Why is a woodpecker damaging my house and how do I stop it?

Woodpeckers peck at homes for three reasons. First, the fast machine-gun pecking, referred to as "drumming" is the male woodpecker's attempt to make as loud a noise as possible to attract a mate and to announce to other male woodpeckers that this is his territory. Hollow branches are usually used, but a gutter or loose siding sometimes serves as a substitute. Tightening up loose parts of the house may solve that problem. Hanging flashy objects nearby can also scare the woodpeckers away.

The second reason for pecking on homes is the birds' search for insects. If you are seeing holes drilled or chipped away, it may mean you have insects living in your external boards that the woodpecker found. Often, carpenter bees will drill holes into wood and tunnel through, laying eggs that you don't even know are there. Woodpeckers open up the tunnels from the outside and eat the hatched larvae. Attaching an untreated board onto the outside of your house for the bees will provide habitat for valuable pollinator species, and you can replace it as often as needed! Scaring woodpeckers with hanging shiny objects or metallic strips can also discourage them from investigating for insects.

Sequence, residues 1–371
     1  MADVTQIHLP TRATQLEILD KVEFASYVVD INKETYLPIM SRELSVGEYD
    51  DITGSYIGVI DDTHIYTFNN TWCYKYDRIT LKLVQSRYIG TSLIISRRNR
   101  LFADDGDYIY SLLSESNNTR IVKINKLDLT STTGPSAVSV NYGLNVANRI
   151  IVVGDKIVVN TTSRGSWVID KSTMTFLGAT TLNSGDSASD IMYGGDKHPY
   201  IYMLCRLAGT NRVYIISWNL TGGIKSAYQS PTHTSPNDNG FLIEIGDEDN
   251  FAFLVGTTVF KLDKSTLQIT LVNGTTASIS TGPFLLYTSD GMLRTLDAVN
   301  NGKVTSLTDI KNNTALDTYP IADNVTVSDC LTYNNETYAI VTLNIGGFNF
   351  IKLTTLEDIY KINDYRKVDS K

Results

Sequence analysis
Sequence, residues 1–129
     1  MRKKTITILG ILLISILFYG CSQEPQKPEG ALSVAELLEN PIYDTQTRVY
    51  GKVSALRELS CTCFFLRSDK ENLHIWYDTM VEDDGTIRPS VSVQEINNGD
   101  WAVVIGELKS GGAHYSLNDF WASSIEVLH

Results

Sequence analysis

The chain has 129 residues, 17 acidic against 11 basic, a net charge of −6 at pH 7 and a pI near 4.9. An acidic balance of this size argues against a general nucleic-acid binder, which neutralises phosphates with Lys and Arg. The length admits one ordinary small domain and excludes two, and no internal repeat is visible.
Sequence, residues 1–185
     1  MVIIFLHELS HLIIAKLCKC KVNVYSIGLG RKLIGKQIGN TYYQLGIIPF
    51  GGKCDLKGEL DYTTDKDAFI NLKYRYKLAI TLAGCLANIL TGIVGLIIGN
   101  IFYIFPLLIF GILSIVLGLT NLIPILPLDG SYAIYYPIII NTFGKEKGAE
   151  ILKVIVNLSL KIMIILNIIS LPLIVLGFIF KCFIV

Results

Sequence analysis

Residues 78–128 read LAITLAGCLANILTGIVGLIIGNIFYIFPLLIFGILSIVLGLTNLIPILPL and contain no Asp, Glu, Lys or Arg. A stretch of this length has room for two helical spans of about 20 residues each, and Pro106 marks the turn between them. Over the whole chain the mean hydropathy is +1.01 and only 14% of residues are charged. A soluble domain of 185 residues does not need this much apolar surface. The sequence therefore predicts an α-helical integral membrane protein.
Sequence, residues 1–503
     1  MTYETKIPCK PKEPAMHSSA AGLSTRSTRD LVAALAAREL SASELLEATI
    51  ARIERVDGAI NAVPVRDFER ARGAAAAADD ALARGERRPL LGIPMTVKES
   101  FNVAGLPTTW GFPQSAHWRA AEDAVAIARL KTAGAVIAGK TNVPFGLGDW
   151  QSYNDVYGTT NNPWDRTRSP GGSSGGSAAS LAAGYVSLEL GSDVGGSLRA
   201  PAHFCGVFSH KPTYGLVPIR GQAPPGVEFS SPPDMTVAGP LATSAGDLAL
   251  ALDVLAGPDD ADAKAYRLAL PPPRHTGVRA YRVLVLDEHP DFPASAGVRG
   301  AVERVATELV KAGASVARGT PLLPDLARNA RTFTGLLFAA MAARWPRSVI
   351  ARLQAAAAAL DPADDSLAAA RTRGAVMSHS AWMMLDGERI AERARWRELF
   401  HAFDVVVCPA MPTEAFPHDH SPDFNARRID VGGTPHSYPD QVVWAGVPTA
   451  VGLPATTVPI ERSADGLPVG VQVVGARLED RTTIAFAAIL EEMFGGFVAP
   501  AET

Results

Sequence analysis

Finally, woodpeckers may find your wood or stucco siding an attractive and easily excavated site for a nest or roost hole.  If the woodpecker seems to be making a round hole big enough for it to enter, you will need to stop this by blocking access to the hole with bird netting, metal flashing, or some other barrier.  But since the bird has decided this is a good place for a nest or roost, it may be hard to get it to leave, in which case it may be easier to install a woodpecker nest box on the side of your house so that it uses the box instead of making holes in your home.  Remember to fill the nest box with wood shavings as they prefer to excavate their own homes.  Click here for a chart of design specifications for nesting and roosting boxes.  Depending on the size of the woodpecker doing the damage, use the box dimensions for a Northern Flicker (robin-sized woodpecker) or a Pileated Woodpecker (crow-sized).